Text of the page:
Henceforth, the Democratic Party will be committed to:

I.  A full, planned withdrawal from all military activity in Iraq, including the construction and maintenance of all military bases, by a date certain.  This withdrawal is to be accompanied by a reactivation of the Israel/Palestine peace process along the lines of the proposed Geneva Accords.  It is further to be accompanied by a return to the multi-lateral foreign policy that worked so well for our country from the time we entered the Second World War until the advent of Georgitism, and a return to abiding by the UN Charter, which forbids “pre-emptive war” of the Georgite type.  (A specific plan for achieving the Iraq withdrawal can be found in my column of Dec. 15, 2005.)

II. A return to totally free and fair elections, and a full-scale assault on the Republican strategy of Grand Theft Elections.  (See: the recent GAO analysis, at, the Report of the Carter-Baker election reform commission,, Mark Crispin Miller’s new book, Fooled Again, and now Robert F. Kennedy Jr.’s  major article on Rolling Stone,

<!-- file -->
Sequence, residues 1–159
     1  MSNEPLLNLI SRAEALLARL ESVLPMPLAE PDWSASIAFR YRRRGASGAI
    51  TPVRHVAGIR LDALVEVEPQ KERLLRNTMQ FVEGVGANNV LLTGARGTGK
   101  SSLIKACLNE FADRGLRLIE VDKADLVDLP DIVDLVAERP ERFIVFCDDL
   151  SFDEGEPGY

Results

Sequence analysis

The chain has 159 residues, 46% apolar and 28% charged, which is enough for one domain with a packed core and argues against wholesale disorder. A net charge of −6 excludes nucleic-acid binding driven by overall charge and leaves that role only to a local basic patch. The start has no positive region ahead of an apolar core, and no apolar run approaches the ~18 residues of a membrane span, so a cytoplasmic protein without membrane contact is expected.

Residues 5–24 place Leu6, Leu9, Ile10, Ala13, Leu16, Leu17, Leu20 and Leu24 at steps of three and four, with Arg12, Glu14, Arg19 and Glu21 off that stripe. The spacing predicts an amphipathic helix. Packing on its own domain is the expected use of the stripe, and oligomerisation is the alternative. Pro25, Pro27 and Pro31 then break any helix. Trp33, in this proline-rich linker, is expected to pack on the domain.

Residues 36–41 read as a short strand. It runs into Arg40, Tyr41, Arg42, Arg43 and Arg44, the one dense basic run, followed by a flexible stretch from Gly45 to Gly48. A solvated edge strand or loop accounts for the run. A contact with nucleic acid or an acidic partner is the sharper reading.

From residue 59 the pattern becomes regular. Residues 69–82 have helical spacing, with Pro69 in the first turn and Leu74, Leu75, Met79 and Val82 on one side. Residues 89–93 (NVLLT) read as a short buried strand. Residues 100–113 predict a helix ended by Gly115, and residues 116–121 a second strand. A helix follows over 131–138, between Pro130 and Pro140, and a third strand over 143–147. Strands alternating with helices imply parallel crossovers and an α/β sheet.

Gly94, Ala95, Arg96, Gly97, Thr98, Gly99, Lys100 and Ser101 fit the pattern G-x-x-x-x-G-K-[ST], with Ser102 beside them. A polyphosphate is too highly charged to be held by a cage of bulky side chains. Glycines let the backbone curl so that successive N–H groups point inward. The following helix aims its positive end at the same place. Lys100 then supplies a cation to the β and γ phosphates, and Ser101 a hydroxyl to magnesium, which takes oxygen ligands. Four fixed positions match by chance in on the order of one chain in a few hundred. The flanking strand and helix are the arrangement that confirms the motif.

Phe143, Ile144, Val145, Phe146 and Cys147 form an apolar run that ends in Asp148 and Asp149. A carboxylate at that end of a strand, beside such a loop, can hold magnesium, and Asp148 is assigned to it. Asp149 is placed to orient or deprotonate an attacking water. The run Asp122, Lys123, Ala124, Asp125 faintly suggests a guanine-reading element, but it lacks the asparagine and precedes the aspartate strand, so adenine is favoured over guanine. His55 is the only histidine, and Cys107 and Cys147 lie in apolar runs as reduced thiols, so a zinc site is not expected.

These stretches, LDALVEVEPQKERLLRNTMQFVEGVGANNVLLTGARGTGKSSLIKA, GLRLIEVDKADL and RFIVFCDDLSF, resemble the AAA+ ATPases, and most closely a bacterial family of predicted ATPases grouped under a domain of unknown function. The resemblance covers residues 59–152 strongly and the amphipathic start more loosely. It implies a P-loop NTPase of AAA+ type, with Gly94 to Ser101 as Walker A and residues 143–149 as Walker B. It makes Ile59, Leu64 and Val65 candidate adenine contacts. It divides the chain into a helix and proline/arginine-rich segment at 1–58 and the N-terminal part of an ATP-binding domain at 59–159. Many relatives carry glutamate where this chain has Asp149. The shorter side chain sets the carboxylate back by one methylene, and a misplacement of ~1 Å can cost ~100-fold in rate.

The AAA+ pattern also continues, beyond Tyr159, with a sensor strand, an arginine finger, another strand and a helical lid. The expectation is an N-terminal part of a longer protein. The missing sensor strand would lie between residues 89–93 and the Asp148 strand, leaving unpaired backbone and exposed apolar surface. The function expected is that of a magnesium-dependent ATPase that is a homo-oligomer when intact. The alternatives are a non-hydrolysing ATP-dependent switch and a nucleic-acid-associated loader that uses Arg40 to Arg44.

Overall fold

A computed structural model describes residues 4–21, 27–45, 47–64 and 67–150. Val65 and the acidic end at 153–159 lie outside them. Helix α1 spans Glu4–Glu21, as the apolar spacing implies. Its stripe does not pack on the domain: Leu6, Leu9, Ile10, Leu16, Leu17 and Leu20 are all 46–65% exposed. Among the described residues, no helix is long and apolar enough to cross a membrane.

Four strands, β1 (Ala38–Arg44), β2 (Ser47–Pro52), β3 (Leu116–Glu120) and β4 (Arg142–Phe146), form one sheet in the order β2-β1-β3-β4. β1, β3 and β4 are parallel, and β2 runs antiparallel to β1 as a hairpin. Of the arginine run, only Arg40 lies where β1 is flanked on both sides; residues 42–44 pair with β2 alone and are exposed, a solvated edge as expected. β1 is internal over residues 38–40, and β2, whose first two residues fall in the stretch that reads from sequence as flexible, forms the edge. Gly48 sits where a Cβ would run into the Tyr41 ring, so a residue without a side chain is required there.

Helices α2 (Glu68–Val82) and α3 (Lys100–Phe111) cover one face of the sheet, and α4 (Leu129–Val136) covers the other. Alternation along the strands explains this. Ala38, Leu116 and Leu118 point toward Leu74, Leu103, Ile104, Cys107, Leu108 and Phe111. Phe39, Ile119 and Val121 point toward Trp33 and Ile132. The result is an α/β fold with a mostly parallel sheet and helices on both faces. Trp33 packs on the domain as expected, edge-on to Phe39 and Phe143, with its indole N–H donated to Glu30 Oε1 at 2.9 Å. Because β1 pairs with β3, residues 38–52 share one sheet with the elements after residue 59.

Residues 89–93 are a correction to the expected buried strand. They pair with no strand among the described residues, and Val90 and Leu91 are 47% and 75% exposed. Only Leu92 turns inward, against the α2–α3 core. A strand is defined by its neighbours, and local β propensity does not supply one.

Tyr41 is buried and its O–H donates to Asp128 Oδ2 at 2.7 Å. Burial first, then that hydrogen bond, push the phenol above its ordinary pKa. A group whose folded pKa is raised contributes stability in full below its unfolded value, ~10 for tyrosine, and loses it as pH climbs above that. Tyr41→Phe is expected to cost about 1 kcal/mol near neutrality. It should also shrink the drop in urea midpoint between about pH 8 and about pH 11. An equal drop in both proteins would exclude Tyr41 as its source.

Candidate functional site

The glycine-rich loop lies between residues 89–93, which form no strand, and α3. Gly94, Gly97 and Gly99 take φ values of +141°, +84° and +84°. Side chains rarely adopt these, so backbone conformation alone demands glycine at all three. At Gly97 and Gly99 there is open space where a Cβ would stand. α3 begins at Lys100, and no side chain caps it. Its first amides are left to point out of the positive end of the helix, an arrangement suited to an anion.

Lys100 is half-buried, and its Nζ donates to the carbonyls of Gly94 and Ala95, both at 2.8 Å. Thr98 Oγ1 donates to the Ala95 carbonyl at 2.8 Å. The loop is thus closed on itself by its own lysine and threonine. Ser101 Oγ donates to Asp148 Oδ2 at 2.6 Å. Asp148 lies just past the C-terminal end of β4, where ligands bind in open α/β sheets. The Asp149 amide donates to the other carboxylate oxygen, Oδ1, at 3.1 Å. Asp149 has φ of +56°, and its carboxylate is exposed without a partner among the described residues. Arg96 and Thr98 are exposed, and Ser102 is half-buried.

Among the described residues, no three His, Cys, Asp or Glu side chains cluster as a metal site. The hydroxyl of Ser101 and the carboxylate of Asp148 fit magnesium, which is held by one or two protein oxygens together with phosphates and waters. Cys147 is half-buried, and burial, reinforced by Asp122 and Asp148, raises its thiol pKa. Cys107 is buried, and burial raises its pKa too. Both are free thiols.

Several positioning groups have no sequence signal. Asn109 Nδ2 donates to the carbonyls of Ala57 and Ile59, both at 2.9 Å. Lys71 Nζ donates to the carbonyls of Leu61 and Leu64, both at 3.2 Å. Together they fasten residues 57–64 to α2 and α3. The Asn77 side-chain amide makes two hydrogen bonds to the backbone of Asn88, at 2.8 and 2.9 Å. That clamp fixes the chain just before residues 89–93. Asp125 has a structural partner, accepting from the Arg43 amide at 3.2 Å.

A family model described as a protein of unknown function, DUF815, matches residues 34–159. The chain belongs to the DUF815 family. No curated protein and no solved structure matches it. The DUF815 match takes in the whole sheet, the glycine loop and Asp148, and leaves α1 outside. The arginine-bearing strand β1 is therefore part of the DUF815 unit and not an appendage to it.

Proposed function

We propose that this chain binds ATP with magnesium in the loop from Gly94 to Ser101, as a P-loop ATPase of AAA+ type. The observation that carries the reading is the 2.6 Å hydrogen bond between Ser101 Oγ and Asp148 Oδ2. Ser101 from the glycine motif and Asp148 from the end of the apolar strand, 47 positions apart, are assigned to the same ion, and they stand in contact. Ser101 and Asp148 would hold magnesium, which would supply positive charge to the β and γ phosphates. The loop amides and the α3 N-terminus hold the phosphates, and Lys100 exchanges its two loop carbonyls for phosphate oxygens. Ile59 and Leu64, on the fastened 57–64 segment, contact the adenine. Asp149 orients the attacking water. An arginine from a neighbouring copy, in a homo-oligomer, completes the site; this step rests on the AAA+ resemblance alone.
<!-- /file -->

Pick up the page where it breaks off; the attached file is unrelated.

III. Making the protection and promotion of Constitutional Democracy, in accordance with the plain language of the Constitution including the Preamble, the center of the Party’s approach to governing.  A return to the Constitutional System of checks and balances and the requirement that the President fully abide by the Constitution is essential.

The Preamble to the Constitution states: “We the People of the United States, in Order to form a more perfect Union, establish Justice, insure domestic Tranquility, provide for the common defence, promote the general Welfare, and secure the Blessings of Liberty to ourselves and our Posterity, do ordain and establish this Constitution for the United States of America.”